Legislation Allows Tenants to Sue Landlords over Eviction Proceedings


This bill would allow a tenant to sue a rental property owner for libel or slander based on the statements made in an unlawful detainer action.


Legislative Brief


CAA’s Legislative Briefing is an exclusive member benefit provided to keep you informed of legislation and other regulatory issues that could or will have a direct impact on California’s rental housing industry.

AB 934 (D-Feuer, Los Angeles) – Unlawful Detainer – Privileged Communication – This bill would allow a tenant to sue a rental property owner for libel or slander based on the statements made in an unlawful detainer action. Current state law – known as litigation privilege - protects property owners from these types of claims.

CAA filed an amicus brief in a Supreme Court case in 2007, which resulted in a successful ruling for property owners and against the City of Santa Monica over its “Tenant Harassment” ordinance. That ordinance allowed tenants to sue landlords for statements made in 3-day notices and unlawful detainer actions.

AB 934 goes against the state’s core policy of protecting litigants’ access to the courts.   Current law grants all litigants and witnesses the utmost freedom of access to the courts, without fear of being harassed by a separate lawsuit.   AB 934 would discourage litigants, including those property owners who are motivated by honest intentions, from promptly serving notices to tenants who violate their leases, disturb other tenants, damage the property, or violate the law.  A property owner who could be sued by a tenant for statements made in legally required pre-litigation documents (3 Day Notices, for example), before that litigation is even resolved, will be greatly discouraged not only from pursuing a court action, but also from serving tenants with notices that may result in compliance by tenants and, thereby, obviate the need for an eviction.  The current law that prohibits these types of tenant lawsuits was not created by lawmakers because they desired to protect the unethical practitioner, but because they did not want the honest ones to be concerned with subsequent derivative actions. 

CAA is strongly opposing this attempt to change state law.  Watch for a Legislative Alert later this week, asking you to write letters in opposition to this proposal.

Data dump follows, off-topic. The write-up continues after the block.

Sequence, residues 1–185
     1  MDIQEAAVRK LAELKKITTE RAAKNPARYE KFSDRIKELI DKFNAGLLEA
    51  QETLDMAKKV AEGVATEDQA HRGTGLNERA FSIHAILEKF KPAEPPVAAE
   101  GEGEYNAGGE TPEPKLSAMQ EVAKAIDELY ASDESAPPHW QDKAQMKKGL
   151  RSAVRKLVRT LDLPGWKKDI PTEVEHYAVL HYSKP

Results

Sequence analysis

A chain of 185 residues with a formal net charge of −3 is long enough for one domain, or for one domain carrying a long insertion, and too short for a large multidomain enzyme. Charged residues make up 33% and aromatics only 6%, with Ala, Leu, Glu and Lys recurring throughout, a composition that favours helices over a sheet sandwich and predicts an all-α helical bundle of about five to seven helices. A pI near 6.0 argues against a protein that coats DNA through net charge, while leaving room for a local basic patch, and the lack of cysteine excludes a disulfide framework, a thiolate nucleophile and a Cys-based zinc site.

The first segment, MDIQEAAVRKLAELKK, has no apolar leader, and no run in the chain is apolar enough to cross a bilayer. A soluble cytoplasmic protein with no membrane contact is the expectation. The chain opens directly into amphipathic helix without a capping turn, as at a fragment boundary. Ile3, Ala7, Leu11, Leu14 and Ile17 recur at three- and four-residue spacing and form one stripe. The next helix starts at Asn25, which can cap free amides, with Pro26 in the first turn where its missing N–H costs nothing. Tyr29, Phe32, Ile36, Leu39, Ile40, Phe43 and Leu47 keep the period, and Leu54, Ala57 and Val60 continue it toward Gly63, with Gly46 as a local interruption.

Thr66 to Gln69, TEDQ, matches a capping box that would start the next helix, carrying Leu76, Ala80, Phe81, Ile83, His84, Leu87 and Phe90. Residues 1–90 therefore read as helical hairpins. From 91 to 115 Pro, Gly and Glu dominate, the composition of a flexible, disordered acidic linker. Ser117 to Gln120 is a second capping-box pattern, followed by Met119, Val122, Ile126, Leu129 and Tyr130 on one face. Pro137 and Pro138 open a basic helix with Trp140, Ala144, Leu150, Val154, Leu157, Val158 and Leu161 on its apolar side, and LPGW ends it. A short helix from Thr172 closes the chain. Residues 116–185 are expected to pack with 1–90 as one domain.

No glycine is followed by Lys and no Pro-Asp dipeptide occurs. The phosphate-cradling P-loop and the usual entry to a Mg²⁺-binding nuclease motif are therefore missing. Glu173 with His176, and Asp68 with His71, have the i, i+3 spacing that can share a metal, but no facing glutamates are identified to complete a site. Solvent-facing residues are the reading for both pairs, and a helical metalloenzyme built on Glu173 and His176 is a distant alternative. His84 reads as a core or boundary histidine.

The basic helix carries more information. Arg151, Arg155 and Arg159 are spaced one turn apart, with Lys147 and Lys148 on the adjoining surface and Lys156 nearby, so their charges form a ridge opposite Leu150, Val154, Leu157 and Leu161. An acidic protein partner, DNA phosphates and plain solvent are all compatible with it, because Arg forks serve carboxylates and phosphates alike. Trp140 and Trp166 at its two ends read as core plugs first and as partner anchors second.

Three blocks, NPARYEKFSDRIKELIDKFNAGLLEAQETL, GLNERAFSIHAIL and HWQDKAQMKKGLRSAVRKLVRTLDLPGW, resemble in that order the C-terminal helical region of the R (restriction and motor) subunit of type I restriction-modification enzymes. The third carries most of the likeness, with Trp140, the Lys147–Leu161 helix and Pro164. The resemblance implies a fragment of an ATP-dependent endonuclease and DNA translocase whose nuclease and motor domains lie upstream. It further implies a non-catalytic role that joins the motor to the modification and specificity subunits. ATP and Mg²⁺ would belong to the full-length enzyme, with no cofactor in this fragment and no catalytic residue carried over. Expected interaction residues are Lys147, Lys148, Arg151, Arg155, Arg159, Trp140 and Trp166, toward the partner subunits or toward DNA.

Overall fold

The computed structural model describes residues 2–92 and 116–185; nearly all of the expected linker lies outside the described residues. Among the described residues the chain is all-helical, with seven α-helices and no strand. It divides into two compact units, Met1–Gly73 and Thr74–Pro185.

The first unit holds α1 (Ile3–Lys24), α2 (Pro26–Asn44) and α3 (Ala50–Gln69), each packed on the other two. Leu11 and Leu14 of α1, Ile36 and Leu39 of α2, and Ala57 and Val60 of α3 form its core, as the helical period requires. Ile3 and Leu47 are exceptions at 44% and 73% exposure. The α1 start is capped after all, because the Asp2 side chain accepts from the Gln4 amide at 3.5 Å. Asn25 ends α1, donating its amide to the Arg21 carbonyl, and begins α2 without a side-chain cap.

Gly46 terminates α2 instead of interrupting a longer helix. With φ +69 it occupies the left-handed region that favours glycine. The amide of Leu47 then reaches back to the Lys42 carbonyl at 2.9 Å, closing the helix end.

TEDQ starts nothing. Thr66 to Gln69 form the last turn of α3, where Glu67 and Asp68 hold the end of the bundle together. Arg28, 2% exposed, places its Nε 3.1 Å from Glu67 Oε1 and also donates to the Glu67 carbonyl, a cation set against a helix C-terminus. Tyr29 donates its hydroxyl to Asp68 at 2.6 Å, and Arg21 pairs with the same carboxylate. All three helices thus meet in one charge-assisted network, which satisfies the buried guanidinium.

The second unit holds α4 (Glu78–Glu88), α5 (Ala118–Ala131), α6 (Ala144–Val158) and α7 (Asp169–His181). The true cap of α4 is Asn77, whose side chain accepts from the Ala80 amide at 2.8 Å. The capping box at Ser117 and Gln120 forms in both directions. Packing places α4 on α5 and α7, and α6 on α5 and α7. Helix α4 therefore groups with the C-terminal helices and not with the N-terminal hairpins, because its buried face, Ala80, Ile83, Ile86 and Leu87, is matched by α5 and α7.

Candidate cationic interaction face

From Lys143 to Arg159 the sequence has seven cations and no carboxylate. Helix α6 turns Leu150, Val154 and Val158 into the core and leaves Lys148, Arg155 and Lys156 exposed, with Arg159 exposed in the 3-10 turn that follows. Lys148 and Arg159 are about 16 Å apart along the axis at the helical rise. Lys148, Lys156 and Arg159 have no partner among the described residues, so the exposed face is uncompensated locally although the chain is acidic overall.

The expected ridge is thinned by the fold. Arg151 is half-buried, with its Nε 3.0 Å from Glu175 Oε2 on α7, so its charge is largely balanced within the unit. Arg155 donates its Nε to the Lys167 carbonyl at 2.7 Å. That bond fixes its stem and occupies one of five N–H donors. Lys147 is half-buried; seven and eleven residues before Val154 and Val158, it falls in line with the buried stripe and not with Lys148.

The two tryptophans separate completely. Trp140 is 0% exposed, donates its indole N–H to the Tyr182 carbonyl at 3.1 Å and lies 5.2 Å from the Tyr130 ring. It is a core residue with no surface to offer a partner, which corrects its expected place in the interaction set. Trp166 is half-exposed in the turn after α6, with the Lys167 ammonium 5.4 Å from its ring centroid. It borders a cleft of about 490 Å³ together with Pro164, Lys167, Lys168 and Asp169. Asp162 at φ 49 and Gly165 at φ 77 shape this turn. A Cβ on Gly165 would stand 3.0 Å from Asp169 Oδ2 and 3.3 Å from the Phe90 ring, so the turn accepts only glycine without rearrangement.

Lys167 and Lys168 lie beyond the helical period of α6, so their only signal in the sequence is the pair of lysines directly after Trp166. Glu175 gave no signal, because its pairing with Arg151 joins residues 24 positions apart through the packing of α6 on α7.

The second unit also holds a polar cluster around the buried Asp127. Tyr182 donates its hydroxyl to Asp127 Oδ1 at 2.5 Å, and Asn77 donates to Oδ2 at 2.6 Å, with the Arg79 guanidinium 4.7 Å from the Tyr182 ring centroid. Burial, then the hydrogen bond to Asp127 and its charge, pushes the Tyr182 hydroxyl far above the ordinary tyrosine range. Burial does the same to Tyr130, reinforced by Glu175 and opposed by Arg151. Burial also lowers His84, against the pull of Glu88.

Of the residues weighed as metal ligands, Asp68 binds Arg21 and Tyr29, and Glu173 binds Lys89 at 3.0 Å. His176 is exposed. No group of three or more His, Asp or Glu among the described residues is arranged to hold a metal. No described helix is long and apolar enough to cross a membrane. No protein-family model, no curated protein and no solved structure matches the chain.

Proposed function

AB 588 (D-Manual Perez, Cathedral City) – Domestic Violence– This bill would extend from 60 days to 180 days the amount of time a victim of domestic violence may possess a restraining order or policy report before submitting a request to be released from his or her lease. The law makes the time period consistent with other time periods allowed under existing law. For example, a tenant can ask to have his of her unit door locks changed within 180 days of the issuance of a temporary restraining order or police report.

AB 884 (R-Cook, Yucaipa) – Sex Offenders– This bill would require that within 5 days of the time that a sex offender registers his new address that law enforcement must notify everyone (including schools and day care centers) who live or operate within 1,000 feet of the sex offender’s home.

SB 591 (R-Gaines, Fair Oaks) – Too Much Regulation– This bill would enact the California Smart Regulation Act and would require that a state agency determine how many regulations it imposes and reduce the total of regulations it has identified by 33 percent. The bill would require an agency to give priority to eliminating regulations that increase the regulatory burden on businesses and the business climate.

SB 688 (D-Wright, Los Angeles) – Regulatory Costs– This bill would require agencies before imposing new regulations to assess the estimated actual costs of compliance for affected businesses and individuals. If a regulation has an estimated total cost of compliance in excess of a yet undetermined amount, the regulation cannot take effect for one year following its required filing of the regulation with the Secretary of State.

SB 221 (D-Simitian, Palo Alto) – Small Claims Recovery– The bill would increase the jurisdiction of the small claims court by increasing that amount from $7,500 to $10,000.

AB 271 (R-Nestande, Palm Desert) – Class Action – This bill would allow defendants in class action lawsuits the right to appeal the class certifications ruling. Under current California practice, only the denial of a class certification motion is appealable. In most class action litigation, the battle over certification determines the entire case. An order granting class certification puts tremendous pressure on defendants to agree to settlement – even in the face of meritless claims. This phenomenon leads to the filing of more unmeritorious class actions and the waste of important judicial resources, because the cost of going to trial is too great. Within the landlord-tenant arena, past class actions have been filed in the areas of security deposits, utility/water billing, fair housing, and Proposition 65 disclosures to name a few.

SB 932 (D-Leno, San Francisco) – Fluorescent Light Bulbs– This bill states the Legislature’s intent to promote the recycling of residential fluorescent lighting.

AB 368 (R-Morrell, Redlands) – Minimum Tax– The bill would, for the first 6 taxable years of a corporation, limited partnership, limited liability partnership, and limited liability company that is a small business (defined as gross receipts, less returns and allowances of $1 million or less) reduce the company’s minimum tax.

AB 865 (R-Nestande, Palm Desert) – Property Taxation: Solar Energy– Under current law, any time solar energy systems are added to existing buildings, the building is not reassessed for purposes of increased property taxes. This tax law runs through the 2015-1016 fiscal year. AB 865 would extend these provisions through the 2032-2033 fiscal year.